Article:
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JoVE Core Organic Chemistry Chapter 19.21: Amines to Amides: Acylation of Amines
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Organic Chemistry

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Amines to Amides: Acylation of Amines
 
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JoVE Core Organic Chemistry Chapter 19.21: Amines to Amides: Acylation of Amines

Various carboxylic acid derivatives (such as acid chlorides, esters, and anhydrides) can be used for the acylation of amines to yield amides. The reaction requires two equivalents of amines. The first amine molecule functions as a nucleophile and attacks the carbonyl carbon to produce a tetrahedral intermediate. This is followed by the loss of the leaving group and restoration of the C=O bond.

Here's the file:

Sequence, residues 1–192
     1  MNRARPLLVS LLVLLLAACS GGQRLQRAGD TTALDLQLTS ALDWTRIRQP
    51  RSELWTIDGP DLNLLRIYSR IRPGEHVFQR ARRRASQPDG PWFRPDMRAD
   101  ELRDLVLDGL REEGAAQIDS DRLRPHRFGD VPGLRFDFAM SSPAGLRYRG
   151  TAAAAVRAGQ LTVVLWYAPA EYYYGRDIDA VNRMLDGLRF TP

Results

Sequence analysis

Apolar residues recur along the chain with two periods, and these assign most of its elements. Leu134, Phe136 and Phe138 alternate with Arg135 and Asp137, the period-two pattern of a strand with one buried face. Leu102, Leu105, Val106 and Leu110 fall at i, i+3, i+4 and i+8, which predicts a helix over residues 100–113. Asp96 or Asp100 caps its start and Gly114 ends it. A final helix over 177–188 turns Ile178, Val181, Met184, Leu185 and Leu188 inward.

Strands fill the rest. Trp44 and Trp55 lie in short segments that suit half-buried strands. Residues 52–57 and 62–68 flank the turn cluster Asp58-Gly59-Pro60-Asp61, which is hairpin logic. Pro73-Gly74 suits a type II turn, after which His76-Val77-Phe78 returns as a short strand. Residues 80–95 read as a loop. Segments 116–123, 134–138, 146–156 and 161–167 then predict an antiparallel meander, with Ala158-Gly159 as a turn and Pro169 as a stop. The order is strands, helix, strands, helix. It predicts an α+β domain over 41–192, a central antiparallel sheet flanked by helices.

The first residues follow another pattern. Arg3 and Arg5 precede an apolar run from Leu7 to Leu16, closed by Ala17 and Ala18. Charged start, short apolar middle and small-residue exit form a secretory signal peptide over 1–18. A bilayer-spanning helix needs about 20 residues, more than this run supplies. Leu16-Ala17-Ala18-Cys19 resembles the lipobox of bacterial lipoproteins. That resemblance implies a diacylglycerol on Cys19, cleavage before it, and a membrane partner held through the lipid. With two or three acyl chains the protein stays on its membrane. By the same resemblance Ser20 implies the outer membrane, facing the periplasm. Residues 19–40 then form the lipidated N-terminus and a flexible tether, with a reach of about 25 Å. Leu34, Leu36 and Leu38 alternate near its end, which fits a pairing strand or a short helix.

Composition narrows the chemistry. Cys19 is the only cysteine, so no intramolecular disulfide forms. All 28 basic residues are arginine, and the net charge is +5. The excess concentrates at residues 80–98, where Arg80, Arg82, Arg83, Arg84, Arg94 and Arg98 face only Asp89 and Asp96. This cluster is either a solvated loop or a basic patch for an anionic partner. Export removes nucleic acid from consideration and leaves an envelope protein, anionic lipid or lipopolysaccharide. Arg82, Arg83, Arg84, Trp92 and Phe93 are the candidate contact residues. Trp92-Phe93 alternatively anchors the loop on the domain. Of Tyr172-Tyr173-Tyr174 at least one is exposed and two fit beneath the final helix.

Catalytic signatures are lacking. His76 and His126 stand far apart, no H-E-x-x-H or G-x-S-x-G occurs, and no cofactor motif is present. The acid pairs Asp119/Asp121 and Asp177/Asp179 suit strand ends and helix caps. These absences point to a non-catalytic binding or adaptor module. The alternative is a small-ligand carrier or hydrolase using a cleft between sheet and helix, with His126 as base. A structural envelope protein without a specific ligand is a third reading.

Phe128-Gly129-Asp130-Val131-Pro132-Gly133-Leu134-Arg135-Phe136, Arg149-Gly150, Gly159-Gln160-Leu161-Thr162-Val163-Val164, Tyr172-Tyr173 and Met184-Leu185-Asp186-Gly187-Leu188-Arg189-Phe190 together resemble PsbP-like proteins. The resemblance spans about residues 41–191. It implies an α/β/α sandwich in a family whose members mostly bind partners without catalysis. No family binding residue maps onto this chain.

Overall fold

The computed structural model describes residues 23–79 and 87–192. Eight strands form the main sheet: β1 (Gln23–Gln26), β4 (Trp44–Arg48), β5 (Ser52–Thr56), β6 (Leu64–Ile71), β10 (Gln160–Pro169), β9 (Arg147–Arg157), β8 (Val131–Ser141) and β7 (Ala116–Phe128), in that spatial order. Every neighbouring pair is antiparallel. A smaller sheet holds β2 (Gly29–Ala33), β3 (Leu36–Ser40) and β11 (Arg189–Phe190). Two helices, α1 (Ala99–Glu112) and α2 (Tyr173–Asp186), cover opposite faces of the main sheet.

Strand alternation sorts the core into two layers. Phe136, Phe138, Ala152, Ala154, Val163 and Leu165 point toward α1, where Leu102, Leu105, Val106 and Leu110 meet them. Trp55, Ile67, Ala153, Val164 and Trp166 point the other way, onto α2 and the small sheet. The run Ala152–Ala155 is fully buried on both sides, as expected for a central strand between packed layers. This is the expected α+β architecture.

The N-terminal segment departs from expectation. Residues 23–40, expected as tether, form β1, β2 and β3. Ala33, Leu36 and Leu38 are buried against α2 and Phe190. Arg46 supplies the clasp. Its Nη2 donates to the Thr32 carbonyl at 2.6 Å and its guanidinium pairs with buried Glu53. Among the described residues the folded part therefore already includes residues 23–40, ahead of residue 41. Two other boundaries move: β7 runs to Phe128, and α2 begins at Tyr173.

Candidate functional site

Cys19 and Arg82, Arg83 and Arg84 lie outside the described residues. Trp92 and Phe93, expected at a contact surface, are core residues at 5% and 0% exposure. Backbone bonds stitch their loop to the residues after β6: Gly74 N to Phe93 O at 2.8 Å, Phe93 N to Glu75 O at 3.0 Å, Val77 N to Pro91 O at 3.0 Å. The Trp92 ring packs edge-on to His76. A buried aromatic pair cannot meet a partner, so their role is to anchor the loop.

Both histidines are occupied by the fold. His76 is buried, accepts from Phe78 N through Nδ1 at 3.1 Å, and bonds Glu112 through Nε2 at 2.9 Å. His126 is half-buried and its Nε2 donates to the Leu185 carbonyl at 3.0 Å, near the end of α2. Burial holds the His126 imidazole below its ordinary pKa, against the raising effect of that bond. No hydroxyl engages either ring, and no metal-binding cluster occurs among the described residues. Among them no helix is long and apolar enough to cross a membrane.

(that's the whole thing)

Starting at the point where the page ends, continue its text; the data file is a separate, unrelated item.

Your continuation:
Next, the second equivalent of amine serves as a Brønsted base and deprotonates the quaternary amide to a free amide. Amides are stable molecules that are less nucleophilic and basic than amines, making them useful functionalities in electrophilic aromatic substitutions. For instance, the direct bromination of aniline usually results in a tribrominated product as a result of the strongly activating amino group. However, if the amino group is first acylated and then brominated, a monobrominated product can be obtained.

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Amines Amides Acylation Carboxylic Acid Derivatives Acid Chlorides Esters Anhydrides Nucleophile Carbonyl Carbon Tetrahedral Intermediate Leaving Group C=O Bond Brønsted Base Quaternary Amide Free Amide Electrophilic Aromatic Substitutions Bromination Aniline

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